How would collectivistically oriented societies respond to a looming nuclear disaster at a plant? We already have two case studies. Chernobyl was a part of the communistic Soviet Union. The necessary workforce could easily be compelled by force to take part in the clean-up and emergency response. We know that a number of workers died as a direct consequence of the exposure they suffered. Japan is also very group oriented, with the individual expected to conform to preserve harmony. I will therefore categorize Japan as a collectivistic society for this purpose. Collectivistic societies certainly have an edge when it comes to getting people to volunteer (or in the Soviet case, not resist as much as they otherwise would) for dangerous duty.
At first glance, individualistic societies would have a harder time with responding effectively to critical accidents requiring immediate response. If people are primarily looking out for their own best interests, how would you get enough volunteers in a timely fashion? Would such societies simply be unable to cope? I don’t think so, there are many different approaches to solve this conundrum. Family is important both in collectivistic and individualistic societies. Parents have sacrificed themselves for the lives of their children countless times throughout history. A part of this sentiment could be leaned upon, perhaps through great financial incentivization. You would suffer tremendous consequences as a result of the great amount of radiation necessary to work at the accident site. If your family was offered financial security in exchange, perhaps enough people would be willing to make the trade?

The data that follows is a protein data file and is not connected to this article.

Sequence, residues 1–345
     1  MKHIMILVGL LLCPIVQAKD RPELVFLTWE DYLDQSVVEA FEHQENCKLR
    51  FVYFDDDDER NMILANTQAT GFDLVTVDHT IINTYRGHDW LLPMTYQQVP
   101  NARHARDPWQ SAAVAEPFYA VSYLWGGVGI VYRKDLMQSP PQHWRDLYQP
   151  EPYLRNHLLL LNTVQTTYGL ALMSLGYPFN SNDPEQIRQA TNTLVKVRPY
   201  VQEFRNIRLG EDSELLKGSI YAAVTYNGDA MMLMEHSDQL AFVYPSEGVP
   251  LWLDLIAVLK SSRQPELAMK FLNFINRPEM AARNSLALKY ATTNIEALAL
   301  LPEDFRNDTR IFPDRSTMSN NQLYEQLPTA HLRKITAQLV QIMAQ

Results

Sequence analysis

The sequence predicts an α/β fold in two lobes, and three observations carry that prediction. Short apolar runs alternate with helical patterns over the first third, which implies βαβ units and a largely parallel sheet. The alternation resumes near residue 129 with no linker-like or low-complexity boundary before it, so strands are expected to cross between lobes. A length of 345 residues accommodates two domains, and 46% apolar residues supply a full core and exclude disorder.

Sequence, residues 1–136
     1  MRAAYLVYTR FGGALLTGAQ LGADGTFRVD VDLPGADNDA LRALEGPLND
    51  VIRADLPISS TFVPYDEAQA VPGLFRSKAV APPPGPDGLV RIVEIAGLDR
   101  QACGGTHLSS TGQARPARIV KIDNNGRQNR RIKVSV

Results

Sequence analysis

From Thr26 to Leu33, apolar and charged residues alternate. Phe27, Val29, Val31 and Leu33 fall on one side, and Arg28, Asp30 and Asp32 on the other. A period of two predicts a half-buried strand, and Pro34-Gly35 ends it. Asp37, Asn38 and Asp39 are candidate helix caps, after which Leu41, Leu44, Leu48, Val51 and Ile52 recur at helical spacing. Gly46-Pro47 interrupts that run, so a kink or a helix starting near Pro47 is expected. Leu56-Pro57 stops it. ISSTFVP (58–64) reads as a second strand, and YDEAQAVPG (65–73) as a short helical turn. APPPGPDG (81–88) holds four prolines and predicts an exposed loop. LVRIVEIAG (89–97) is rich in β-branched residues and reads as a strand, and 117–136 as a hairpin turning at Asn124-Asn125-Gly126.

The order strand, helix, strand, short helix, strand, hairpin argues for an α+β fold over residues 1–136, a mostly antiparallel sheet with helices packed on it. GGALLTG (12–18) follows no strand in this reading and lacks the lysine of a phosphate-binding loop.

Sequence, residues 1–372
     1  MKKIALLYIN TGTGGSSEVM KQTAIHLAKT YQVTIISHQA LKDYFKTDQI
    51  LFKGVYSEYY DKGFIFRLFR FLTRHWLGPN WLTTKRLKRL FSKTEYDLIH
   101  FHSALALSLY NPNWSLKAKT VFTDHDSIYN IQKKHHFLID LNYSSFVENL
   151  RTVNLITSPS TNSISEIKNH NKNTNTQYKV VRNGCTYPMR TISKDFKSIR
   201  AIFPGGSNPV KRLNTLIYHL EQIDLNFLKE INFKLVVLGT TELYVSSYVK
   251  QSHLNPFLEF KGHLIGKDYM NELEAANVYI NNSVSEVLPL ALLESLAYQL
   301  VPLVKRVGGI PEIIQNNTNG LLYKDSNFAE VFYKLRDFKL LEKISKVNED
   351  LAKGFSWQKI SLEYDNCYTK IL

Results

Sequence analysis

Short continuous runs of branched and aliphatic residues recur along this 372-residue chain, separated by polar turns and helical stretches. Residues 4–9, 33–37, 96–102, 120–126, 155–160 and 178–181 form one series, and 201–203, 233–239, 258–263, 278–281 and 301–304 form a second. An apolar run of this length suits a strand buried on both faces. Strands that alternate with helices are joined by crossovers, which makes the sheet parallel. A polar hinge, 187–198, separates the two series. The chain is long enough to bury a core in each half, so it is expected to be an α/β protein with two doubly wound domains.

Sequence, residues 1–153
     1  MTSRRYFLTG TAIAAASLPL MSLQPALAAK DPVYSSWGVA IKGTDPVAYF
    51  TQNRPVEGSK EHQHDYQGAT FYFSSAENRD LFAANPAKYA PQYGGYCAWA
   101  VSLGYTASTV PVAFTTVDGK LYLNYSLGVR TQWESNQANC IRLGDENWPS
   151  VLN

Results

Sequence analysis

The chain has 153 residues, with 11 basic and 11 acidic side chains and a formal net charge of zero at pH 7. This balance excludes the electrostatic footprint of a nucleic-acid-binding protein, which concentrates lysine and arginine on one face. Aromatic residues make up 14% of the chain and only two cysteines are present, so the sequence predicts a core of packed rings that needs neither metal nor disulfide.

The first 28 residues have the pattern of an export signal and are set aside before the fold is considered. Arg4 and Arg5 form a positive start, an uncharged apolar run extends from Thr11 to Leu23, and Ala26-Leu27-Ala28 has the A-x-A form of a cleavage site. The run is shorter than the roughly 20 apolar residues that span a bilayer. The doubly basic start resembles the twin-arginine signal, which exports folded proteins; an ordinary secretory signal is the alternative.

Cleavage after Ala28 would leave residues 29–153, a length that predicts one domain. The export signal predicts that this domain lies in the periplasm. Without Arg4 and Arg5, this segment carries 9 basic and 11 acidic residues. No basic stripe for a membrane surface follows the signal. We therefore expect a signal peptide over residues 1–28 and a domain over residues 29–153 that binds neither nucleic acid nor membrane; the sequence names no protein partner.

Other solutions are for instance using other people as the response crew. At Fukushima, old people took part in the response. They rationally though that since they were already old, they wouldn’t live long enough anyway to develop the cancers likely to develop from great exposure. Condemned criminals could also be used in exchange for commutations of sentences. I will not go into whether this is ethical or not here. We must also consider that nuclear accidents might be less likely to occur in individualistic non-conformist societies compared to collectivistic societies. One would certainly think that it would be harder to question your superiors if you though they were making operational mistakes at the plant. Criticizing bad routines or lax safety procedures would also be harder to bring up.
Self-interest would certainly be able to play an important role in making individualistic workers sceptical about procedures or changes likely to incur danger at a plant. This being said, we have seen nuclear accidents in societies of both types, so this is certainly no guarantee against serious accidents.